Document Detail

Title: IR280-2 - Applying Probabilistic Risk Management in Design and Construction Projects, Version 1.2
Publication Date: 3/1/2013
Product Type: Implementation Resource
Status: Tool
Pages: 37
A comprehensive guide and tool to help organizations implement probabilistic risk analysis. The guide provides an overview of the risk register tool and gives an example of a project that used it. This example walks the user through the typical adoption of probabilistic risk analysis, from identifying risks to interpreting a probability distribution.

NOTE: This publication's accompanying beta software is a proof of concept and is available for informational purposes only.

By downloading or purchasing this publication, you understand and accept that its accompanying software may stop opening or running properly on future platforms and is not supported or maintained by CII.

Both the publication and its software are protected by applicable copyright restrictions as set forth by CII.

Any party interested in adapting this software is invited to contact CII Associate Director for Deployment to discuss licensing.
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CII Research Team (RT) 280 developed this comprehensive guide to probabilistic risk analysis, first to help organizations determine whether the probabilistic approach is appropriate for their projects, and, if appropriate, to help them implement it. The guide takes the user through the typical steps of adopting probabilistic risk analysis, from identifying risks to interpreting a probability distribution. In addition to this process description, the guide also provides an overview of the interactive risk register tool, also developed by the research team. Along with this overview and instructions, it offers an example of a construction project that uses the tool.

Benefits of Probabilistic Risk Management

In the course of conducting the case studies that were a part of the RT 280 research process, the team interviewed project managers who used probabilistic methods for risk management. These interviewees consistently reported that among the biggest advantages of using this type of risk analysis is that it allows them to have more certainty in their ability to successfully execute a project by a set completion date. They reported that probabilistic controls enable them to anticipate, plan for, and mitigate extra costs and delays. After analyzing the data from the case studies, the team determined that the key advantages of using probabilistic over deterministic risk analysis include the following:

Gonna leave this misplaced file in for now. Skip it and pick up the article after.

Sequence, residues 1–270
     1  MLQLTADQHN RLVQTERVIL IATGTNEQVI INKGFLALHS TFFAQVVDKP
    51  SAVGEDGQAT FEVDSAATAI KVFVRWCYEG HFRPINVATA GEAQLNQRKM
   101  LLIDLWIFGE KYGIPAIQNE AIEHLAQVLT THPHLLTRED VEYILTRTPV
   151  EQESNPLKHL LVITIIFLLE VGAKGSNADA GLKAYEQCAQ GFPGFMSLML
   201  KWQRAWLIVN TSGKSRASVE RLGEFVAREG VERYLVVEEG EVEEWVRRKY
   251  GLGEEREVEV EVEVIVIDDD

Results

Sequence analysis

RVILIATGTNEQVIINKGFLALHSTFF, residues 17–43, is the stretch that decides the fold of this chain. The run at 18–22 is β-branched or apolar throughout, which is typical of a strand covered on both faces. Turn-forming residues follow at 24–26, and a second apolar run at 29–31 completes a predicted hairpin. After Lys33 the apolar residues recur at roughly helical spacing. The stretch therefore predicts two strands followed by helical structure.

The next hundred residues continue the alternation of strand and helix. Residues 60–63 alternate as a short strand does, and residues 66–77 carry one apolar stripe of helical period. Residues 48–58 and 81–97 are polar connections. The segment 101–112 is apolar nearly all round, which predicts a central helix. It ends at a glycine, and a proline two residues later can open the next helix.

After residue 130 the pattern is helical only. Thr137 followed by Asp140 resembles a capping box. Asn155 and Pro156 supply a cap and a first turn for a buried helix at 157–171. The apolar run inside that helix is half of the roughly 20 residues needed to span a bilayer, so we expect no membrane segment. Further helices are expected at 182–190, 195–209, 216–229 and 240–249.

• Comprehensive risk assessment – Results incorporate the cumulative effect of known risks and the quantification of project uncertainties.
  • Clear visual representation – Graphic representation of results allows for robust means of communicating risk, including probability density graphs, cumulative distributions, and tornado diagrams.
  • Communication – The method allows for clear communication of project cost or schedule uncertainty to stakeholders.
  • Confidence in project outcomes – Results provide additional data to support decision making and illuminate the possible outcomes of decisions.
  • Ability to manage cost and schedule – The method assesses the impact of risk events on project cost or schedule performance and the likelihood of achieving project outcomes.


Risk Management Levels

In order to address the benefits and implications of using a probabilistic approach, the research team had to determine the process and framework for implementing probabilistic approaches. Based on the case study analysis, the team developed a three-level approach. Implementation Resource (IR) 280-3, What’s the Risk, presents the three levels of risk management, along with information on interpreting probabilistic results.

Because these three levels provided a clear framework for evaluating and categorizing the case study data, formulating them helped the research team assess the similarities and differences among the organizations studied; using the framework, the team was better able to understand how each organization implements project risk management and probabilistic approaches. The three-tiered framework also made it easier to define, compare, and understand the benefits and barriers the organizations experienced at each level.